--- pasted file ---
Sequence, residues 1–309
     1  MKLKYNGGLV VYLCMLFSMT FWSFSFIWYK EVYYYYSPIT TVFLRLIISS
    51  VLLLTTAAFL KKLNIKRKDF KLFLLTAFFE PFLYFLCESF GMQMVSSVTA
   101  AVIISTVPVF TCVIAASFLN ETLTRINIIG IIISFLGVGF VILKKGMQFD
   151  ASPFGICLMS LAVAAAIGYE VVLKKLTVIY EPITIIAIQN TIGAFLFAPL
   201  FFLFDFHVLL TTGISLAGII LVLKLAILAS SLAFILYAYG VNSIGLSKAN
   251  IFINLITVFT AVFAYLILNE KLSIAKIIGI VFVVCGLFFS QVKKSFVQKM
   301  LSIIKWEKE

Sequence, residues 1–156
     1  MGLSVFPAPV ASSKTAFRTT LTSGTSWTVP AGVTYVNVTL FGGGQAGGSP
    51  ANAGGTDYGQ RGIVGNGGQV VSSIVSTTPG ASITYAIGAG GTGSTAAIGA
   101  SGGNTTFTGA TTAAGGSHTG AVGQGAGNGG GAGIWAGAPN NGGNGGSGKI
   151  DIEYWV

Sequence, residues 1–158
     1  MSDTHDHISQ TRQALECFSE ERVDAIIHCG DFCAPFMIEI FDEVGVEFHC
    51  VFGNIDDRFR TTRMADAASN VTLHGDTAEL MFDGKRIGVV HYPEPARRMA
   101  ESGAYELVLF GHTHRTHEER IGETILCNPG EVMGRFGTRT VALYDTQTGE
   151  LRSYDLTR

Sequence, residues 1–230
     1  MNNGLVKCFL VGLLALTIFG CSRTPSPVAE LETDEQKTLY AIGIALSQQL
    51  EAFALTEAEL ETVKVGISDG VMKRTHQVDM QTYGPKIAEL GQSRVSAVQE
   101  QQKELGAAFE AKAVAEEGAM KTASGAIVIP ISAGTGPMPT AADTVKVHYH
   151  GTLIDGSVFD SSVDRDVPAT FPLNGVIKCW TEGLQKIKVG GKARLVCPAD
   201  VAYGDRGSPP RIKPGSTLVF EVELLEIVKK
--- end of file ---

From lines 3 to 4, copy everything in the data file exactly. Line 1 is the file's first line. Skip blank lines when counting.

    51  VLLLTTAAFL KKLNIKRKDF KLFLLTAFFE PFLYFLCESF GMQMVSSVTA
   101  AVIISTVPVF TCVIAASFLN ETLTRINIIG IIISFLGVGF VILKKGMQFD